Bird Watch: Wood Warblers
May 1, 2009
A perfect complement to the awakening of spring, wood warblers time their migrations to correspond with available food sources and are reliably found as leaves emerge and oaks blossom.
Photo by Brian M. Collins
When it comes to nesting and feeding, each warbler species carves out its own niche, specializing in a particular way of life. Some species pick insects from the tops of branches. Others tip up leaves and search in the shade. Still others flutter about and dart into the air, hawking flying insects from the spaces between trees.
The list of the warblers’ habitat needs runs as long as the list of different types of warblers — in other words, quite long. Some species nest in thickets near wetlands. Others require large tracts of open forest.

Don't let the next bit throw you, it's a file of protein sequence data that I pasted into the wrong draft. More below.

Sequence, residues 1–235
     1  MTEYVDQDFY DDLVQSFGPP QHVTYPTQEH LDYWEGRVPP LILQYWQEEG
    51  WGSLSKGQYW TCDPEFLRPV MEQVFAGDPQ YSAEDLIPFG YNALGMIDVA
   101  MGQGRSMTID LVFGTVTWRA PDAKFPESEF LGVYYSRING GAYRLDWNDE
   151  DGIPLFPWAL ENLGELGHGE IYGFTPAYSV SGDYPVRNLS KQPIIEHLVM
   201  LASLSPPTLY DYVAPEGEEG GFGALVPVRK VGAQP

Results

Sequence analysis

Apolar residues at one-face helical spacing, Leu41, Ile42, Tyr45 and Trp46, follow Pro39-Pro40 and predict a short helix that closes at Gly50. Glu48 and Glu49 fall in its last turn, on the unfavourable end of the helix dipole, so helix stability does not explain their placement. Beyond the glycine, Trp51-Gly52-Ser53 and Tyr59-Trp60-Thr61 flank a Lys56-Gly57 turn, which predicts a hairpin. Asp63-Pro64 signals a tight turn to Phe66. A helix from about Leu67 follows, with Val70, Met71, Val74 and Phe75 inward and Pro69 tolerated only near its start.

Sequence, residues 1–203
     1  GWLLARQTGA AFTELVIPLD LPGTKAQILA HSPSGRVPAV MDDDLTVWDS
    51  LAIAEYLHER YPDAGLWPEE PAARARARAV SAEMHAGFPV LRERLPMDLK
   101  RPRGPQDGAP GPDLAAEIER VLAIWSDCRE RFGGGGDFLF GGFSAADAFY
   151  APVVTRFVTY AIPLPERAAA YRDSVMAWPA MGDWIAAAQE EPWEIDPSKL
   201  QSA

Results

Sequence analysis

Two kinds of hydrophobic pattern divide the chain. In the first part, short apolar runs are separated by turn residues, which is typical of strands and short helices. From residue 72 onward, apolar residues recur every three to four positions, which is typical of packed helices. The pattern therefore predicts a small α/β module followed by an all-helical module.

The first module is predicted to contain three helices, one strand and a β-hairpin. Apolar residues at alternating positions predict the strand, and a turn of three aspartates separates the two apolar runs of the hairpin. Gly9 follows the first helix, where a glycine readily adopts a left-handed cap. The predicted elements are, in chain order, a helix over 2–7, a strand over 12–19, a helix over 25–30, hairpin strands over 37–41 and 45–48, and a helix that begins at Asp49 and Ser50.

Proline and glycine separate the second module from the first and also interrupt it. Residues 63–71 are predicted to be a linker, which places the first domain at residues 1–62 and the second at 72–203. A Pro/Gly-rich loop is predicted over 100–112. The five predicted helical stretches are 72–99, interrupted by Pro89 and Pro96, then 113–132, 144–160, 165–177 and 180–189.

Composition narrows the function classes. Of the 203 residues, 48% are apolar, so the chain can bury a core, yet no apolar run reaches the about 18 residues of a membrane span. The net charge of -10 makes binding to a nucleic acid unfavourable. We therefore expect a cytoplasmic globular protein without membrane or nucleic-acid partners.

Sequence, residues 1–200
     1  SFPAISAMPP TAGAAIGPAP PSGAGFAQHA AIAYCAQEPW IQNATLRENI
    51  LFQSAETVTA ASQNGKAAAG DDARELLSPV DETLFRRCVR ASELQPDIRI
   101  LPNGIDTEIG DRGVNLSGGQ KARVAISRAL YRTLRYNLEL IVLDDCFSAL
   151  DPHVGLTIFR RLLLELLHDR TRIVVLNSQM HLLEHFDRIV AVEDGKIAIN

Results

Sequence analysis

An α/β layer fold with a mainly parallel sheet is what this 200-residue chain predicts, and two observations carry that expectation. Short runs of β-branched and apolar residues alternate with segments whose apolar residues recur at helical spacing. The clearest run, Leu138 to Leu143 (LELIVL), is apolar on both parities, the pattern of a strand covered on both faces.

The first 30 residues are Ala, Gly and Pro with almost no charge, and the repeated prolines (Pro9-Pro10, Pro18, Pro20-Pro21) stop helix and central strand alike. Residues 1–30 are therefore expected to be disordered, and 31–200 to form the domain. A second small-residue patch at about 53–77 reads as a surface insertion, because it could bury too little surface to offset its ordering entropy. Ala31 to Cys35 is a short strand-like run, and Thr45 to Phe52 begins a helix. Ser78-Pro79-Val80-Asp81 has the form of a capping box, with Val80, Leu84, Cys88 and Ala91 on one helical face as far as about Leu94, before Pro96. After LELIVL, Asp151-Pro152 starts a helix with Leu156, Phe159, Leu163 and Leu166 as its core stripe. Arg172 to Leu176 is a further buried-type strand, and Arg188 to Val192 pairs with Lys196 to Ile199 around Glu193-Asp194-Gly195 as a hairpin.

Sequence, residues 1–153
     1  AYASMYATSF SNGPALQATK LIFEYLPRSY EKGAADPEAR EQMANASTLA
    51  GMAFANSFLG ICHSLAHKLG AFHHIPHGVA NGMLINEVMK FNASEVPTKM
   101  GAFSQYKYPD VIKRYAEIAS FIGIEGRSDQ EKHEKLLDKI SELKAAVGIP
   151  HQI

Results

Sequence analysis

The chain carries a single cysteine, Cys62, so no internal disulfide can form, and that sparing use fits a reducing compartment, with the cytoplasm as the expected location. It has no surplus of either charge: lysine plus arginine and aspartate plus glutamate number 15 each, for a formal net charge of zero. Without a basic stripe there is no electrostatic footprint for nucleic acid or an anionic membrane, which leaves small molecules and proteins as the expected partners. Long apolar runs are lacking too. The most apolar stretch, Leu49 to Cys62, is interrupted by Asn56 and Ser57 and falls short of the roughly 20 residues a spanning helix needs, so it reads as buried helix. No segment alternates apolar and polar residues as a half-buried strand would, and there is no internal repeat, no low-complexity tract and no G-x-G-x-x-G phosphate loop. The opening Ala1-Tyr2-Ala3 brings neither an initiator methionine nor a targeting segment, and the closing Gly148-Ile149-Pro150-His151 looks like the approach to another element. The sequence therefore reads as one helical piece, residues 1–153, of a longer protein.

Most species are between 4 and 5 inches from beak to tail, and a great many are yellow. Look for active birds that hold their bodies in athletic, horizontal positions. The thin, insect-eating beaks, often-spotted tail feathers, and delicate color patterns are clues that you are enjoying the company of wood warblers.
Brian M. Collins is a high school biology teacher, contract bird biologist and wildlife photographer. Enjoy his photography at www.imagesinnaturallight.com
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